Feb 3 – Gold’s rally this year has been driven mainly by what may be termed Western factors, namely buying on the back of worries over the state of the global economy and the subsequent desire for safe haven assets.
Spot gold has jumped 6.3 percent to around $1,127 an ounce since the start of year, bringing out bullish views that the yellow metal’s dark years since the peak near $2,000 in September 2011 are finally over.
Falling equity markets, both in developed and developing markets, credit and currency worries in China and monetary easing from major central banks other than the U.S. Federal Reserve have made gold look more attractive.
But for any rally to be sustained, much will depend on the reaction of consumers in the two Asian giants, India and China, the world’s biggest gold buyers that together account for almost half of physical demand.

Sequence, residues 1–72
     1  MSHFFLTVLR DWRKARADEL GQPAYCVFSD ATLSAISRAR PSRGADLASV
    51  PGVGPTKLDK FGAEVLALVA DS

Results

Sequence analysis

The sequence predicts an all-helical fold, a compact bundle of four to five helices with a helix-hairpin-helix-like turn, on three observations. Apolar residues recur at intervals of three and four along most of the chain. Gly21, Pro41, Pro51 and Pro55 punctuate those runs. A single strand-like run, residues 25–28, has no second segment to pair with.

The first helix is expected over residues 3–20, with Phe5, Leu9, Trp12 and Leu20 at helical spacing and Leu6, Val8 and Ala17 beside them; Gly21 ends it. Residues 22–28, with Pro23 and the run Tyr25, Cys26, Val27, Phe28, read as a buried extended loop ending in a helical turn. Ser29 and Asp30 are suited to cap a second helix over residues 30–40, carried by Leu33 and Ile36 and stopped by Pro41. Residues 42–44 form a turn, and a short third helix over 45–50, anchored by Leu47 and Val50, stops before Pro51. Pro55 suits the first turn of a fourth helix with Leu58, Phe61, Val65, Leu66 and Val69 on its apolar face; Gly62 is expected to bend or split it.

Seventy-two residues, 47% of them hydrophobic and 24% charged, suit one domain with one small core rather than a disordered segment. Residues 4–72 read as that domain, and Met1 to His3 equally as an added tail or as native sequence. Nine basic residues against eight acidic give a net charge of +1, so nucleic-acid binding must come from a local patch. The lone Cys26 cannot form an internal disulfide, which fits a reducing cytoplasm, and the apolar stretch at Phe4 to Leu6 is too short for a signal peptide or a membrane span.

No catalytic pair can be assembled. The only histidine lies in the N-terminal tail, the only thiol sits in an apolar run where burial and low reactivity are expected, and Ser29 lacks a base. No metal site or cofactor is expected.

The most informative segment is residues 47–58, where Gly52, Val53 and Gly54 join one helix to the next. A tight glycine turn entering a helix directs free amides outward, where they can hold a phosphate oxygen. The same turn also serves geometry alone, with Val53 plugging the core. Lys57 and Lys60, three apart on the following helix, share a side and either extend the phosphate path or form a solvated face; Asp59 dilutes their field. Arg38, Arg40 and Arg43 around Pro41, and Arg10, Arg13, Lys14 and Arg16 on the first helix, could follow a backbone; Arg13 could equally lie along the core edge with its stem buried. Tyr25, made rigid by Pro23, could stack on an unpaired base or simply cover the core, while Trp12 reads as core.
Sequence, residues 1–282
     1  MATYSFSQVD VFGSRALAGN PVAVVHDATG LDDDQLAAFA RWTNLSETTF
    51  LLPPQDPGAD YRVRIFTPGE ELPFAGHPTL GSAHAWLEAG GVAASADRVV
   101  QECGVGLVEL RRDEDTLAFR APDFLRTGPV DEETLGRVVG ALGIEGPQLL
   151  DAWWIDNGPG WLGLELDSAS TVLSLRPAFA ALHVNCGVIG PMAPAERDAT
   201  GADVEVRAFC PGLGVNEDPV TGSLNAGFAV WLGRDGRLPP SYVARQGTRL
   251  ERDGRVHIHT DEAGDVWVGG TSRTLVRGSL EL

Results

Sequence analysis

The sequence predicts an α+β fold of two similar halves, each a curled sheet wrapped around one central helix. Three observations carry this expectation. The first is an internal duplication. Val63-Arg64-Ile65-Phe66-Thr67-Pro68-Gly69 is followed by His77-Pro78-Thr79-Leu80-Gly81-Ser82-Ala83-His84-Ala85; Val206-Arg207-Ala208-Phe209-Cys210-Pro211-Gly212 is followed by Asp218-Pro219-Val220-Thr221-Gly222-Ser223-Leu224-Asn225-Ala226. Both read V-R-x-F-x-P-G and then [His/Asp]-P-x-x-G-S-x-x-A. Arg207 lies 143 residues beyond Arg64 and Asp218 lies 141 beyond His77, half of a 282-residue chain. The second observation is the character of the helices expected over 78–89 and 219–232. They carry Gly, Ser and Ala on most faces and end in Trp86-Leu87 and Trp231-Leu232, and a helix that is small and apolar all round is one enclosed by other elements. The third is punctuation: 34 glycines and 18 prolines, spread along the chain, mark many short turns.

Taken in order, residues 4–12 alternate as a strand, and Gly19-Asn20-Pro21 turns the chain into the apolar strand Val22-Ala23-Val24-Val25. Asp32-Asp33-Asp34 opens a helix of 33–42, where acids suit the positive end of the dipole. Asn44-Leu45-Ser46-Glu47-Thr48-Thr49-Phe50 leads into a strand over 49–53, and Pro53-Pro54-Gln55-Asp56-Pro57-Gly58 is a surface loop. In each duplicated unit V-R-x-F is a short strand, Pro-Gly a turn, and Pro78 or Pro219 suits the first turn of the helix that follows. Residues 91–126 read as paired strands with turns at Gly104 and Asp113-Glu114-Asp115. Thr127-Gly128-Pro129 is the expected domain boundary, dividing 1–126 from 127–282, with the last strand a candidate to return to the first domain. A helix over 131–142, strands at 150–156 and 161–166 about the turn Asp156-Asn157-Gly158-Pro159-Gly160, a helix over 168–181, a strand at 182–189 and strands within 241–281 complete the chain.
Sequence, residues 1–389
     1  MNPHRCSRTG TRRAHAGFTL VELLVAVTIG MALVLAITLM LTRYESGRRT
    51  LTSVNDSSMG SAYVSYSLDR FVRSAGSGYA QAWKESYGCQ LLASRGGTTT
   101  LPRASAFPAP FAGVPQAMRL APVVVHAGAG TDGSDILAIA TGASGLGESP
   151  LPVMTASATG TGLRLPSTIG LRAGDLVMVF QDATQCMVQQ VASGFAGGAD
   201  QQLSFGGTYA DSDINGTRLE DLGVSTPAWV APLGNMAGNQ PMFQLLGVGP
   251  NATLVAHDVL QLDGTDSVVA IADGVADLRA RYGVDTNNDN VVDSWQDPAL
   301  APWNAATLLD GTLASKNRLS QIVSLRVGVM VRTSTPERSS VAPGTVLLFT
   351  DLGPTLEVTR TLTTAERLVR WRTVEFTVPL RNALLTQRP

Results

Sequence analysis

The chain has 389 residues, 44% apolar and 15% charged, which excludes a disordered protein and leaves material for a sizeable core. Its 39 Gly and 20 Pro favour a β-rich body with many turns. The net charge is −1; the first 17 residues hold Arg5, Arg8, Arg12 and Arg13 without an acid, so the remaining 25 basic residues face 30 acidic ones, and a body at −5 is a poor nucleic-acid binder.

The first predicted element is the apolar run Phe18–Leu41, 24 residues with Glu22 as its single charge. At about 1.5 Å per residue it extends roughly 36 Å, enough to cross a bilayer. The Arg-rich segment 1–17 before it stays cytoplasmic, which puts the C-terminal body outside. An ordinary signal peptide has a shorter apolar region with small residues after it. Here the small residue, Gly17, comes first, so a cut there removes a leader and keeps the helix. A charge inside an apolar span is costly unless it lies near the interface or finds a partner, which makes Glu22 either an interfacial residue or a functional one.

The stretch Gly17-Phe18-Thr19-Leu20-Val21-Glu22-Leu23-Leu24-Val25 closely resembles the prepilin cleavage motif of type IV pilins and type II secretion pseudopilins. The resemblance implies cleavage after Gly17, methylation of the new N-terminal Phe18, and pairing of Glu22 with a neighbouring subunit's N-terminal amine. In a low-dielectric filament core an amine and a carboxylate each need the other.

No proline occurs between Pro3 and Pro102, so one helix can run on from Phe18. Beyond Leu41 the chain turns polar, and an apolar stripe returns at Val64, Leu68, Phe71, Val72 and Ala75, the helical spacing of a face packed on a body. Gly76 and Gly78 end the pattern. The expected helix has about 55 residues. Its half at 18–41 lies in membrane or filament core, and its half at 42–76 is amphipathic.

There are contradictory forces at work for gold demand in both those countries, notwithstanding the generally positive medium- to long-term outlook for the precious metal for both.
In China, consumer demand for gold could be boosted by worries over yuan depreciation, as buying gold is one of the few ways the middle class can hedge against a weaker local currency.
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